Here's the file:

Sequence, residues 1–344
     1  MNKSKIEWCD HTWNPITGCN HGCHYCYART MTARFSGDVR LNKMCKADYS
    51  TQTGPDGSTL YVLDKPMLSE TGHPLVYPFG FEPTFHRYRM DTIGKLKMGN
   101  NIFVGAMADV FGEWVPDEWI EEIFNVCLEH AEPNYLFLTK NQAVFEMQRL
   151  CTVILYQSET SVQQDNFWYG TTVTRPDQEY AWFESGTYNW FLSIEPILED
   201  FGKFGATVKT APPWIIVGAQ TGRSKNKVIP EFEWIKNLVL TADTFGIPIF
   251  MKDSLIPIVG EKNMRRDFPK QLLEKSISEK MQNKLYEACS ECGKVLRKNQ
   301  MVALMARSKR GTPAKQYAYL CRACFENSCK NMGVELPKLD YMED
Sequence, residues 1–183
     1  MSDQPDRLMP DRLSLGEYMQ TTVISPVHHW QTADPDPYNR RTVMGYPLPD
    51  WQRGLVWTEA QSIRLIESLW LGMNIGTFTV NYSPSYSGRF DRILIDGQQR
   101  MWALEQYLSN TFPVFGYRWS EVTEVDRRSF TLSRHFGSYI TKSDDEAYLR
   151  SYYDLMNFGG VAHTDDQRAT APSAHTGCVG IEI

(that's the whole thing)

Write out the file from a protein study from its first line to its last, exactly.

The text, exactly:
Sequence, residues 1–344
     1  MNKSKIEWCD HTWNPITGCN HGCHYCYART MTARFSGDVR LNKMCKADYS
    51  TQTGPDGSTL YVLDKPMLSE TGHPLVYPFG FEPTFHRYRM DTIGKLKMGN
   101  NIFVGAMADV FGEWVPDEWI EEIFNVCLEH AEPNYLFLTK NQAVFEMQRL
   151  CTVILYQSET SVQQDNFWYG TTVTRPDQEY AWFESGTYNW FLSIEPILED
   201  FGKFGATVKT APPWIIVGAQ TGRSKNKVIP EFEWIKNLVL TADTFGIPIF
   251  MKDSLIPIVG EKNMRRDFPK QLLEKSISEK MQNKLYEACS ECGKVLRKNQ
   301  MVALMARSKR GTPAKQYAYL CRACFENSCK NMGVELPKLD YMED
Sequence, residues 1–183
     1  MSDQPDRLMP DRLSLGEYMQ TTVISPVHHW QTADPDPYNR RTVMGYPLPD
    51  WQRGLVWTEA QSIRLIESLW LGMNIGTFTV NYSPSYSGRF DRILIDGQQR
   101  MWALEQYLSN TFPVFGYRWS EVTEVDRRSF TLSRHFGSYI TKSDDEAYLR
   151  SYYDLMNFGG VAHTDDQRAT APSAHTGCVG IEI